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Hashtable vs. HashMap  RSS feed

 
Jeff Kilbride
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I have a caching structure in a servlet currently implemented with a Hashtable and I'm wondering if I can convert it to a HashMap for efficiency. The hash contains string arrays and corresponds to data in my database. I preload the hash in the servlet init() method and I have a background thread that updates the cache every six hours -- by creating a completely new hash and replacing the old. If new info is entered into the database between cache updates, I'd like to pick that up and reflect it in my cache. Here's some pseudo-code of what I'm doing:
<pre>
static Hashtable cache
// In doGet() method...
StringArray = retrieve array from Hashtable cache
if StringArray is null {
create sql statement and retrieve info from DB
if data exists in DB {
create new StringArray
add to Hashtable cache
}
}
</pre>
Pretty straightforward. I'm not trying to lock anything based on the keys or values in the hash, it's just storing info to avoid DB lookups. If two nearly simultaneous threads both make it to the DB call I don't really care. The second will just overwrite the first with the same key.
My question is: are individual key assignments and reads, to and from the Hashtable/HashMap, atomic? I'm assuming they are for Hashtables because of the internal synchronization, but what about HashMaps? Can two threads be simultaneously reading from and writing to the same key, so that the reading thread gets corrupted data? I'm afraid that a second thread may read from the cache while the first thread is in the middle of updating that particular key -- so that later in the code I may get some sort of exception due to a corrupted String Array value. When I say exception, I mean Java lang exception (like the Array thinks it has 20 elements, but only has 10 because it read the key halfway through the update process), not an exception generated by my code. Is this possible, or is the individual key unreadable until the update completes?
What exactly is synchronized in a Hashtable that is not synchronized in a HashMap?
Thanks,
--jeff
[This message has been edited by Jeff Kilbride (edited April 25, 2001).]
[This message has been edited by Jeff Kilbride (edited April 25, 2001).]
[This message has been edited by Jeff Kilbride (edited April 25, 2001).]
 
Peter den Haan
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Originally posted by Jeff Kilbride:
I have a caching structure in a servlet currently implemented with a Hashtable and I'm wondering if I can convert it to a HashMap for efficiency.[...] My question is: are individual key assignments and reads, to and from the Hashtable/HashMap, atomic? I'm assuming they are for Hashtables because of the internal synchronization, but what about HashMaps?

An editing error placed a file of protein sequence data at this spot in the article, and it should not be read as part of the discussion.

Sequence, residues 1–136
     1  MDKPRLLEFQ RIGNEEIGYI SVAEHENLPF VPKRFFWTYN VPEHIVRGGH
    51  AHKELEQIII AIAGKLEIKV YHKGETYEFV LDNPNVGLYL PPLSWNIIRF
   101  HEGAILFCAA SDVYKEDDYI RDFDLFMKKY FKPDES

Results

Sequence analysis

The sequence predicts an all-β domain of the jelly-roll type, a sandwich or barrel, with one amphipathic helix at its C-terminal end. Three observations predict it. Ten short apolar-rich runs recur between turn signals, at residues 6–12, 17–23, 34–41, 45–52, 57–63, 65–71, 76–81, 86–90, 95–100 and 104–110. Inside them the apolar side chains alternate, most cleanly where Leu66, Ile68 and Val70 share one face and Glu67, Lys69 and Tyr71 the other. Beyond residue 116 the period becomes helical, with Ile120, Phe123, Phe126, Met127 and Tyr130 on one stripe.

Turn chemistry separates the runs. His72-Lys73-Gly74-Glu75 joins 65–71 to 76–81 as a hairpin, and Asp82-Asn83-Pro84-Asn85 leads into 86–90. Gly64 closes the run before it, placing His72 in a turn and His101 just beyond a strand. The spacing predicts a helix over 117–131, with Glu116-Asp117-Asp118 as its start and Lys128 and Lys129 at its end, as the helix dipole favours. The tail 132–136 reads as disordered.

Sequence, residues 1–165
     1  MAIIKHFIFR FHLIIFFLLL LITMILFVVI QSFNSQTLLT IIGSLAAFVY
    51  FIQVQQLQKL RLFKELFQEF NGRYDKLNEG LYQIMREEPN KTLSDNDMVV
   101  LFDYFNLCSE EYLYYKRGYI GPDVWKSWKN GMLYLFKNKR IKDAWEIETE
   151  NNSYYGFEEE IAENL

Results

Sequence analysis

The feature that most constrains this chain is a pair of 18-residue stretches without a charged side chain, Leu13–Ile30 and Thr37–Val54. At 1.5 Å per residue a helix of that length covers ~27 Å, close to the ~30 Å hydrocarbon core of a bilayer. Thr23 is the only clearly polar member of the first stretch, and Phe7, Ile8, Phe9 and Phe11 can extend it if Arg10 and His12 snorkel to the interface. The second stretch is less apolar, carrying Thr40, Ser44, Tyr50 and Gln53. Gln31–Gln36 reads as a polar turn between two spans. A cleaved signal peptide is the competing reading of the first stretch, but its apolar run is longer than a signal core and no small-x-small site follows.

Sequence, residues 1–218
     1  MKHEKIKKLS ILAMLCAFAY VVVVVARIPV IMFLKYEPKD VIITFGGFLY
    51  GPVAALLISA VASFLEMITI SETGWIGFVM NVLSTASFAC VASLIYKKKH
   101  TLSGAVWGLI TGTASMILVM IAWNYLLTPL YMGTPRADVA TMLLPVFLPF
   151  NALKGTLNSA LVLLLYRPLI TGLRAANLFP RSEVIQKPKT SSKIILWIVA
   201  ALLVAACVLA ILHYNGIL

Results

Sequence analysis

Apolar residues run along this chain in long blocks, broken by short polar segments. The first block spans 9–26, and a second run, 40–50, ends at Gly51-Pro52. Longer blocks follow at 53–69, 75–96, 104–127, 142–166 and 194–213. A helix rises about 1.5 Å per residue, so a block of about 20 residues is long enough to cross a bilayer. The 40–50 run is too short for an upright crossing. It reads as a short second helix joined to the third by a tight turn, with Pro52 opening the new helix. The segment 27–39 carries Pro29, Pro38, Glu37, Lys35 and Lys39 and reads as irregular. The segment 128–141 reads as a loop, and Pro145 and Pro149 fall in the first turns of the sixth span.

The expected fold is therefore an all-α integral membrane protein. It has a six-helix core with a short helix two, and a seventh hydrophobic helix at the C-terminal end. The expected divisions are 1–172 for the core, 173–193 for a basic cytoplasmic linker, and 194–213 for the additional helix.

No, they are not atomic. You would need to synchronize your HashMap, either explicitly or by using Collections.synchronizedMap(). There is no significant performance difference between this and a Hashtable (but I would personally always prefer using the Collections framework).
What exactly is synchronized in a Hashtable that is not synchronized in a HashMap?

All types of read and write access are synchronized, as in general neither is atomic (but even if they were were atomic, you would need to synchronize or they could break on certain types of multi-processor hardware).
- Peter
 
Jeff Kilbride
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Ok, then for my example is it sufficient to use a Hashtable with no explicity synchronization in my code? Or do I need to synchronize the entire read/write block like:
<pre>
synchronized (Hashtable) {
StringArray = retrieve from Hash
if StringArray is null {
Build SQL statement
Retrieve from Database
if data exists {
build StringArray
Add to Hashtable
}
}
}
</pre>
This seems a little heavy handed, because I would say 99% of the time the Hash will be read as opposed to written to. If I synchronize the entire block, that will really impact performance.
Any alternatives?
Thanks,
--jeff
 
Peter den Haan
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Originally posted by Jeff Kilbride:
Ok, then for my example is it sufficient to use a Hashtable with no explicity synchronization in my code?

I would think so, since you already indicated that the occasional duplicate SQL query would not be a problem. You certainly would not want to put all your code in a synchronized block, after all, that would render your entire application incommunicado for the duration of the query. Not good.
(You would be able to avoid duplicate queries by keeping track of a query queue and blocking threads if they want the result for a query that is in the queue, but that's probably overkill).
- Peter
 
Jeff Kilbride
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Thanks Peter. I appreciate the responses.
I was fairly skeptical about using a HashMap in this instance -- at least an unsynchronized one. Just wanted to get another point of view.
I think queuing and blocking would definitely be overkill in this scenario. I expect the cache to be up to date 99% of the time and the call to the DB to be very rare.
Thanks again!
--jeff
 
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